The government leaks that made the public aware of secret national security mechanisms are criminal acts, not whistle blowing, and anyone who is even vaguely honest has to admit that. As a government employee you don’t reveal secrets just because you don’t happen to agree with a policy or a program, and if you do—for any reason—you are a criminal and should go to jail.
Here’s one elected official who understands that and isn’t afraid to call a spade a spade:
House Intel Chairman Hoekstra: CIA Leaks 'Politically Driven'
Kenneth R. Timmerman, NewsMax.com
Wednesday, June 21, 2006
WASHINGTON -- The chairman of the House Permanent Select Committee on Intelligence, Rep. Pete Hoekstra, R-Mich, told NewsMax that he believes the recent leaks over the CIA's secret prisons and the NSA's terrorist surveillance program were "politically driven," and that the leakers "ought to be prosecuted."
"What we are seeing is a systematic breakdown in the intelligence community when it comes to leaking highly classified intelligence information," he stated.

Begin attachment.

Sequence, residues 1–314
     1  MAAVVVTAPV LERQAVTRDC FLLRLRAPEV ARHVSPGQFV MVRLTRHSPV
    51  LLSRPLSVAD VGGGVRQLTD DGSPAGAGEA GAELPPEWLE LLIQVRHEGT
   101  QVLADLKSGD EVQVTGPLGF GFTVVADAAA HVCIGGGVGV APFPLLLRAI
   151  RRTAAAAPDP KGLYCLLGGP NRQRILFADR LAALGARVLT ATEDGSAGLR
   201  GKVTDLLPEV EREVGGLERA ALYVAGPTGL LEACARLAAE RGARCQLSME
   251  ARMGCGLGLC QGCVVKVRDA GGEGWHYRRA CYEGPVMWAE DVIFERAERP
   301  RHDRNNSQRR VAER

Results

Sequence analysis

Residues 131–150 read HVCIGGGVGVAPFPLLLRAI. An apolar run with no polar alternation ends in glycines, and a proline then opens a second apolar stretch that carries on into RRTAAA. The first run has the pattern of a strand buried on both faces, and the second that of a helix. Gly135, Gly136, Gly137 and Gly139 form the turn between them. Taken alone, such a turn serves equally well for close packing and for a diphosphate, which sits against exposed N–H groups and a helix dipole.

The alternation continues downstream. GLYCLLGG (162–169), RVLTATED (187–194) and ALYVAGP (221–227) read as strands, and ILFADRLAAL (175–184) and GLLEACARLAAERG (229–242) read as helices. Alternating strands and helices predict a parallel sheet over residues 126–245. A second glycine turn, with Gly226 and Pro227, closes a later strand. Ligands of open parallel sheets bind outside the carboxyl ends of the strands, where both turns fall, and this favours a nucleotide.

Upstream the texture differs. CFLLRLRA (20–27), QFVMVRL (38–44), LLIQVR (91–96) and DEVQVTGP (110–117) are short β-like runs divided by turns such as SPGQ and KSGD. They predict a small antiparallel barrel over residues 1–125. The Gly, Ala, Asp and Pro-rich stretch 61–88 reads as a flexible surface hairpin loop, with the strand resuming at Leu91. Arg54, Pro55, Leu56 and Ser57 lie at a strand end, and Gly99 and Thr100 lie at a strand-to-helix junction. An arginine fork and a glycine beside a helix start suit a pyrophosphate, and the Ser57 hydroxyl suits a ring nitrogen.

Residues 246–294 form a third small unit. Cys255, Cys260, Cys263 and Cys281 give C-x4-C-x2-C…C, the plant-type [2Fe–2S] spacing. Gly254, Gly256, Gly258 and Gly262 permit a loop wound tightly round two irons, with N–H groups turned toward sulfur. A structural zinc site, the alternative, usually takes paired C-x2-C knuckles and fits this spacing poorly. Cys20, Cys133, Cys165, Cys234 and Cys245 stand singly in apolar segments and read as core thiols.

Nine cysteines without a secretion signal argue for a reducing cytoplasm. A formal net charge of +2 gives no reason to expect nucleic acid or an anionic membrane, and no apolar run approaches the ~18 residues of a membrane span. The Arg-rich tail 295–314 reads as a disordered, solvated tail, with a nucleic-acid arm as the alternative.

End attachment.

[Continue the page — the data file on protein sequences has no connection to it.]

If intelligence officers have concerns about a particular program, they have various legal avenues to make those concerns known, he said.
"First, there's an inspector general," he noted. "Then there's a House intelligence committee, and a Senate intelligence committee. If you have questions about the legality of some program or some action, that's where you go to make sure what's being done is legal and within the law." An Intelligence officer who goes to the press with grievances and leaks classified information is "no better than a common thief," he said.
"Nobody's given you the authorization to determine what information should be made freely available to the public. Nobody's given you the authorization to determine what should or should not be classified, or to make those decisions for the American people," Hoekstra said.